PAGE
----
The first part of this work is, as the name suggests, a passacaglia. The passacaglia is a musical form with origins in Spain in 17th century that is usually of serious character and which is usually series of continuous variations around a ground bass theme. The term passacaglia itself, in Spanish pasacalle, is derived from Spanish pasar (to walk) and calle (street). Quite a fitting name, I'd say. You'll probably get the meaning easily after hearing it once — listen to the initial bass theme which is then repeated over and over throughout the whole piece. Passacaglia is similar in form to chaconne (Bach also wrote an awesome one, for violin as part or Parita No. II D minor, BWV 1004, later adapted by various composers for other instruments as well).

This particular passacaglia has a total number of 20 variations. Most scholars agree that the structure is such: first the passacaglia builds up to its climax in twelve variations, this is followed by an intermezzo formed by three quiet variations to finally end up the passacaglia with another 5 variations.

It then, without any break, flows into it's second part — fugue, in this case double fugue. Fugue is a contrapuntal composition (formed by two or more musical lines that sound very different and move independently from each other but sound harmonious when played simultaneously) in two or more voice built upon a theme that is introduced at the beginning and recurs frequently during the course of the composition. It is usually divided into three parts: exposition (opening of the fugue, the theme is introduced and all voices has entered), development and recapitulation (contains the return to the main theme in the fugue's opening key). That it's double fugue means there are actually two themes that the fugue is developed on. In this piece, the first half of the bass theme from passacaglia is used as the first theme for the fugue, while the second half is used as the second theme for the fugue. Witty, isn't it ;-)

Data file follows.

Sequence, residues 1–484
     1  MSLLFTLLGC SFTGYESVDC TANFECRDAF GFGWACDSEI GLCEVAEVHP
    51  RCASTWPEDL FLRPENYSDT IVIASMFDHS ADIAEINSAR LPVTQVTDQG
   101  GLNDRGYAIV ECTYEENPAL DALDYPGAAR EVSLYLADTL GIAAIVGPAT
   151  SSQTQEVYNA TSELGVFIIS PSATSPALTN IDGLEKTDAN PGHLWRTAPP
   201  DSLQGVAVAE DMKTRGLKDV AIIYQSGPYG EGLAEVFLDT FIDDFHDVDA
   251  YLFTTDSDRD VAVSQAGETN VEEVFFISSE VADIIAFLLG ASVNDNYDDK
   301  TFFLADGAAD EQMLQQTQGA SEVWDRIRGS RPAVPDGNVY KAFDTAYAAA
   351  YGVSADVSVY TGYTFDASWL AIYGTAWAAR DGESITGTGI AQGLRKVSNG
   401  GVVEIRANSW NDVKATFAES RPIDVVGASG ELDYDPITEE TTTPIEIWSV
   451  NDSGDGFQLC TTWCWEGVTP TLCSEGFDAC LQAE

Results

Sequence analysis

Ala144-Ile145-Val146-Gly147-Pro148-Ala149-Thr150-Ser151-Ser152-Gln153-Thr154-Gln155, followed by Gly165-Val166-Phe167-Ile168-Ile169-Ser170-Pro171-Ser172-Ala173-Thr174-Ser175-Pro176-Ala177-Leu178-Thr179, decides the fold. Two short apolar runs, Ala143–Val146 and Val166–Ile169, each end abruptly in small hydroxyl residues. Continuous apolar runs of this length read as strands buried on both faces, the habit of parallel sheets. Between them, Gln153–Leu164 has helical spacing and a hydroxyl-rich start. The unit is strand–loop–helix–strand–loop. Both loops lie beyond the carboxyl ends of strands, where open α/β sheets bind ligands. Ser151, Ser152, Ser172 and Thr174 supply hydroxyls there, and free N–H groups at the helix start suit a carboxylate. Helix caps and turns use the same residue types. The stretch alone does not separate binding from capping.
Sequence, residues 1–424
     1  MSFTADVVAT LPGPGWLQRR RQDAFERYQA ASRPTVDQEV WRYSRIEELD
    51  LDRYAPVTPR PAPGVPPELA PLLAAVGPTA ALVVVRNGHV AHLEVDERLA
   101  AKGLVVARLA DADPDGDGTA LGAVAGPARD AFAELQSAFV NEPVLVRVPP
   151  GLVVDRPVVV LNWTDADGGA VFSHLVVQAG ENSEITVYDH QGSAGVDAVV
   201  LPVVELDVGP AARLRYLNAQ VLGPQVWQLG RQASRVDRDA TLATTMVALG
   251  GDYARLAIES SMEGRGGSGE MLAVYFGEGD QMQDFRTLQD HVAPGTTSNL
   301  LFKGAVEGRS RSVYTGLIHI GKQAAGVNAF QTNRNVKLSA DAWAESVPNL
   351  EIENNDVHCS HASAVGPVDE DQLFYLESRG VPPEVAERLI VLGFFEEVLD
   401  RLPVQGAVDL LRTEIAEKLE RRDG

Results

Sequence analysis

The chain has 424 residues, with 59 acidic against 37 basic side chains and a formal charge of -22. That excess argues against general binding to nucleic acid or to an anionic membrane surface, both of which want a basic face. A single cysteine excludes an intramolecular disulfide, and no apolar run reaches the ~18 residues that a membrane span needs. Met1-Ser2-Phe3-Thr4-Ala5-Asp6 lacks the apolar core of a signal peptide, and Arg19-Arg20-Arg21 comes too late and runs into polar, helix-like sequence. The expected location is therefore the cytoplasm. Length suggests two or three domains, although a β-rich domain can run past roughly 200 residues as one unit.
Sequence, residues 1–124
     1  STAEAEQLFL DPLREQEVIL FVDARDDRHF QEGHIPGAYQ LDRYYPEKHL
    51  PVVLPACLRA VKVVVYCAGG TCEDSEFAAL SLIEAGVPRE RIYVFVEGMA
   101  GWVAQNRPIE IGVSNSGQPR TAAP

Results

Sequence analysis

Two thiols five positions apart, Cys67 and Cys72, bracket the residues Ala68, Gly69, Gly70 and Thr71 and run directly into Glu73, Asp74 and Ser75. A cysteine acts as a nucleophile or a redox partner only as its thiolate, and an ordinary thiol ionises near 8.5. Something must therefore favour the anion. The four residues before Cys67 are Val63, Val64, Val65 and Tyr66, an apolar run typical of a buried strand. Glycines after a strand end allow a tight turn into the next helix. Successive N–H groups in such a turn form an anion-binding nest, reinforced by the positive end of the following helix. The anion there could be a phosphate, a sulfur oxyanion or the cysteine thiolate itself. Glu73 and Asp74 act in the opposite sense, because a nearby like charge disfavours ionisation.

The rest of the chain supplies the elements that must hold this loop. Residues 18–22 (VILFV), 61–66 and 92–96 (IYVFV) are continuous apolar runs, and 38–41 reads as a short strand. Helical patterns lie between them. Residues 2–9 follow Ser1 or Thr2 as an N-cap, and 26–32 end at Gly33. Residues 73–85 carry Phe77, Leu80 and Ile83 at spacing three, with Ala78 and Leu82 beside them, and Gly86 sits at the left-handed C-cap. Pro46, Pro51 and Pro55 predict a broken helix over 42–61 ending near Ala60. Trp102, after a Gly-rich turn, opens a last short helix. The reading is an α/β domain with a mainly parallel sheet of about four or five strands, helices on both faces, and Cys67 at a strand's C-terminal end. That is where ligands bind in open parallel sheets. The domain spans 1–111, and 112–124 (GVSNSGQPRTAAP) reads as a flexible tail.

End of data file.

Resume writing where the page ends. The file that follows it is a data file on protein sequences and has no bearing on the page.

As Bach has been dead for some time now, the copyright on his works already expired and they are in public domain. You can download the musical score (legally and for free) for this piece at International Music Score Library Project.

Ton Koopman

Ton Koopman is a conductor, organist and harpsichordist born in 1944 in Netherlands. He studied organ, harpsichord and musicology in Amsterdam and specialized in Baroque music. Throughout his career he had concentrated on Baroque music and especially Bach. He recorded complete set of Bach cantatas and organ works and is now concentrating on works composed by Dieterich Buxtehude, who was a great influence to Bach. He plays on historical instruments and aims for authenticity. Some of his organ interpretations have however drawn criticism for their overuse of ornamentation.

Personally, I deem him to be one of the best organists but I tend to like slower tempos than he uses for many of the pieces I have heard him play, on the other side, his articulation is very clear and he seems to be able to nicely draw out all the voices present in a composition.

And of course, not to forgot, here're links (actually on youtube it's saved as two videos):
Ton Koopman — J. S. Bach: Passacaglia and Fugue in C minor, BWV 582, Part I. Passacaglia and
Ton Koopman — J. S. Bach: Passacaglia and Fugue in C minor, BWV 582, Part II. Fugue